I also tried several sets of 6v6 tubes of various vintage and strength as pairs, and in combinations while measuring plate dissipation, voltage, and screen voltages. I am mostly concerned with the amp's tone and response at fairly high gain settings (think 1970's to 80's rock), and it shines in that arena.

    On this amp in particular, I've noticed a clearer more defined distorted tone when there is a mismatch of power tubes. One now runs with 12.6 watts dissipation or so, the other 10.3 watts with plates around 375vdc and screens up at 360vdc. That yields the best sound IMHO so far. Matching output tubes deteriorated the clarity, and made the sound more homogeneous, and closer to a "New" amp that contains no such folly of numbers, or "Gasp" a modeling amp. Another thing is high screen grid voltages, in conjunction with the power tube imbalance. On this amp, it sounds much better. So much so, that I had to live with using a bigger screen resistor now (2.7k) to stop the glowing screens cold on just the one tube. There is a trandeoff for this, and I can feel it in the response, as it's all become a bit more compressed, but the wild and "Hairy" quality of running the higher voltages, at least on this amp, is not something I would let go of, regardless if I gave up some dynamics because of the large screen resistor.

    I posted these OT questions because I didn't understand the wire wrapping geometry on the impedance of the primary sides, but now I do thanks to Enzo and Helmholtz, and I see this is a normal state on some OTs and nothing to be concerned about in the least.

    I also tried using a larger OT I have as a backup as a test, after disconnecting the original, and that made the sound worse !!! I only judge my results by me ear, provided I haven't screwed anything up too much and made a grenade of the whole thing. So there I go, the original OT sounds better, and this amp likes high voltages and a power tube imbalance, and finally a modern tube for the PI position. I had imagined an older RCA might be better, but again, it's not to my ear !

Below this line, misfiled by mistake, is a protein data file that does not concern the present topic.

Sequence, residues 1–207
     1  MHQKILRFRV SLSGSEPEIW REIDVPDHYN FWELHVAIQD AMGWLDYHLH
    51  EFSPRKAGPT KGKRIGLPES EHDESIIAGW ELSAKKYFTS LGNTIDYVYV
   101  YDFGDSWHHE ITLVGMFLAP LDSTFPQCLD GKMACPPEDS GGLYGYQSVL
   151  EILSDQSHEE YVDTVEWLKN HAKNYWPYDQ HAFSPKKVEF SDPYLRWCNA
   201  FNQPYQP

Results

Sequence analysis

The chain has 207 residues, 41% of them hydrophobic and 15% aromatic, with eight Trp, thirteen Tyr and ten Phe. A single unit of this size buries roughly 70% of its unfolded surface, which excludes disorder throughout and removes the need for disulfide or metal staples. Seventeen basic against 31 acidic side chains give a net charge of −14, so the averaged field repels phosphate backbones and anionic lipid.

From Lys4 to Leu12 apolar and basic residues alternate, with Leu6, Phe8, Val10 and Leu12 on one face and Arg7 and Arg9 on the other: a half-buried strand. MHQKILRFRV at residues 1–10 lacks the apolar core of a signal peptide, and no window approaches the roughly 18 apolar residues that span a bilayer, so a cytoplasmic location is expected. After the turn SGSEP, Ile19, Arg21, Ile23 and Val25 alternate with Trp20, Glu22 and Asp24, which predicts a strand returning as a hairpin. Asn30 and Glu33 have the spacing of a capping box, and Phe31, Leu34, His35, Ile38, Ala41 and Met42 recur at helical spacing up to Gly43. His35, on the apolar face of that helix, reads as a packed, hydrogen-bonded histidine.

Nice thing about having lived a while, you get to know what you like right away.

    Thanks for any help regarding the PI arrangement and the amp in general !

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    Last edited by HaroldBrooks; 10-25-2019 at 04:29 AM.

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    I'm just asking to play alomg with this phase inverter question, but, is that a form of Paraphase? I've never seen one drawn like that... Just a guess. Don't pay attention to me.

    Justin

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    Yes, its's a self-balancing paraphase PI.

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    Senior Member trobbins's Avatar
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    DC bias imbalance in the OT primary half windings can significantly increase distortion at low frequencies in hi-fi amps. At some point of imbalance that may well become noticeable and may partly contribute to your enjoyment factor for guitar use. That experience sort of aligns with other other vintage guitar amps that purposefully used say a 60W rated OT in a 100W guitar amp, where the low frequency end distortion becomes noticeable at some point.

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    Quote Originally Posted by HaroldBrooks View Post
    ...I don't know what type of PI arrangement it is, and please feel free to comment on that...
    Seems to be a paraphase inverter. I've never tinker with one of those...

    Are the out of phase signals unbalanced? If I were trying to balance this kind of inverter I'd start with the anode resistor, or maybe put a pot on the signal path to ground to try and dial in the balance..